How Major League Baseball Responded to 9/11

From SABR member Rob Neyer at SB Nation on September 11, 2011:

Contrary to popular opinion, everything didn’t change that morning.

A lot did change.

Commissioner Bud Selig quickly canceled that evening’s games. Later in the week, he canceled all games through the end of the week, with the season to resume the following Monday and the season pushed back one full week. There was a great deal of talk about “perspective” and the relative irrelevance of baseball and professional sports, generally. Perhaps just as important, nobody really wanted to fly even after the American skies were reopened.

Within the game, the largest impact was obviously felt by the Yankees and Mets. The Yankees had been in New York during the attacks on the World Trade Center. Some players headed to their families; Roger Clemens, for example, drove to Texas. Others remained in the city, and worked out on the 15th; afterward a delegation, led by manager Joe Torre and including stars Derek Jeter and Bernie Williams, visited various sites to comfort emergency workers, victims, and relatives of victims.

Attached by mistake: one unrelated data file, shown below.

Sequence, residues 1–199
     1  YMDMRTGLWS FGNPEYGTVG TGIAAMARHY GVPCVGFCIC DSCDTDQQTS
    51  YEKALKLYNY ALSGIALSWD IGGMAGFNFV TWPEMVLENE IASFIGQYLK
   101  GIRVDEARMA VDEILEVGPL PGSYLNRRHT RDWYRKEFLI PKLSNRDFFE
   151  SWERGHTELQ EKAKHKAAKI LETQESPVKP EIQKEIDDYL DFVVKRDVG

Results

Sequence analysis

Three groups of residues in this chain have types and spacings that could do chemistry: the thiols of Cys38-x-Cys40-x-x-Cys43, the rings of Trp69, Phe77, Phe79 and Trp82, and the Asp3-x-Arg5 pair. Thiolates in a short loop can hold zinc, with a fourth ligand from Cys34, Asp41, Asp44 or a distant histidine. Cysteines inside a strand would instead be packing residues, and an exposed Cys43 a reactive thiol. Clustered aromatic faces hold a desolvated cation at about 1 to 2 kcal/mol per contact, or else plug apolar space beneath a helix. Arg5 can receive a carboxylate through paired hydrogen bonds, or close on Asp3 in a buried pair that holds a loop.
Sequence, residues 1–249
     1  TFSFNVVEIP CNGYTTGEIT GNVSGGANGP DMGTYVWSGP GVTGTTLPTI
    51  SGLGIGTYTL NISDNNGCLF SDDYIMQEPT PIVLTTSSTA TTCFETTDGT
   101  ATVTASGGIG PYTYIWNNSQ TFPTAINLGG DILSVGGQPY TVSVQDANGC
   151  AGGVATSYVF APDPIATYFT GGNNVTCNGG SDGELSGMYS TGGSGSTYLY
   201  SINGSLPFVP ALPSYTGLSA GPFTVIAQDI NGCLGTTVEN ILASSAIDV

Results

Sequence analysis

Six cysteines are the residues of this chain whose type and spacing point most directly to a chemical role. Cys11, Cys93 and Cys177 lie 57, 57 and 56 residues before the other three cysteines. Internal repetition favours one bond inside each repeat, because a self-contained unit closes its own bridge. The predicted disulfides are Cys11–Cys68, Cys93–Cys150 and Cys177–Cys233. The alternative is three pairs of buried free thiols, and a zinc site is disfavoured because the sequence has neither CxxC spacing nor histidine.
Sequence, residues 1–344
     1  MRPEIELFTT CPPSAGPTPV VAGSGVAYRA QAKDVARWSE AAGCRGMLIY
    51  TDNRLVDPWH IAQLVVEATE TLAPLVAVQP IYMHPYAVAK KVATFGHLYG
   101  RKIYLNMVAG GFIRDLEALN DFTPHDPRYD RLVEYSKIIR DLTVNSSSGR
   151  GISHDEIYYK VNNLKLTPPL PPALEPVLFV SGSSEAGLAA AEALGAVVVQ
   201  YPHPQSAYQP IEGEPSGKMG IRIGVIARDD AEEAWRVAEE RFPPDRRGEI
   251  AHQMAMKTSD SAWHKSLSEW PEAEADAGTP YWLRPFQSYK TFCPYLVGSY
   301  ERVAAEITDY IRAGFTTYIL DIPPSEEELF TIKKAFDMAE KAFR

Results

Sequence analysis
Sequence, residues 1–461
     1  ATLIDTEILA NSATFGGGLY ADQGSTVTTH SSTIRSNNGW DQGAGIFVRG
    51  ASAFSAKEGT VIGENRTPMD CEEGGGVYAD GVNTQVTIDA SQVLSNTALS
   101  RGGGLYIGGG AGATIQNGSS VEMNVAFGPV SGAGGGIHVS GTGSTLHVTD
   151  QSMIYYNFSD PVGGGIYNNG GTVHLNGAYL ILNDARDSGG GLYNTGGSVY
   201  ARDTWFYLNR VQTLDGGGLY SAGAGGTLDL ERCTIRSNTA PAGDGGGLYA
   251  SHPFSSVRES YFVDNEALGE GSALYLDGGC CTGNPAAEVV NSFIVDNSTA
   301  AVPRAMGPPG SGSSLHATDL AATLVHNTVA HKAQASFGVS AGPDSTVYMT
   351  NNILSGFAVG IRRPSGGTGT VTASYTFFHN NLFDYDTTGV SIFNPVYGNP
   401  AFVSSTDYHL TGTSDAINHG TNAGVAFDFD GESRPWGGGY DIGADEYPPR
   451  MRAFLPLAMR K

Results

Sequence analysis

For the most part, though, 9/11 has not had a lasting impact on Major League Baseball. Unlike previous conflicts, the wars in Iraq and Afghanistan have not claimed the lives or careers of professional baseball players. Of course, one might argue there’s been an indirect impact, as the wars have presumably led to the ballooning deficit, which has in turn contributed to our Great Depression, which presumably has hurt baseball attendance. Which isn’t to suggest that Major League Baseball hasn’t been highly profitable through much of the last decade.

There is heightened security still, particularly at Yankee Stadium. And just as “The Star-Spangled Banner” went from being played at ballparks only on special occasions to being played regularly during World War II, “God Bless America” is now played during the seventh-inning stretch at Yankee Stadium, Dodger Stadium, Safeco Field, Turner Field.

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Originally published: September 13, 2011. Last Updated: September 13, 2011.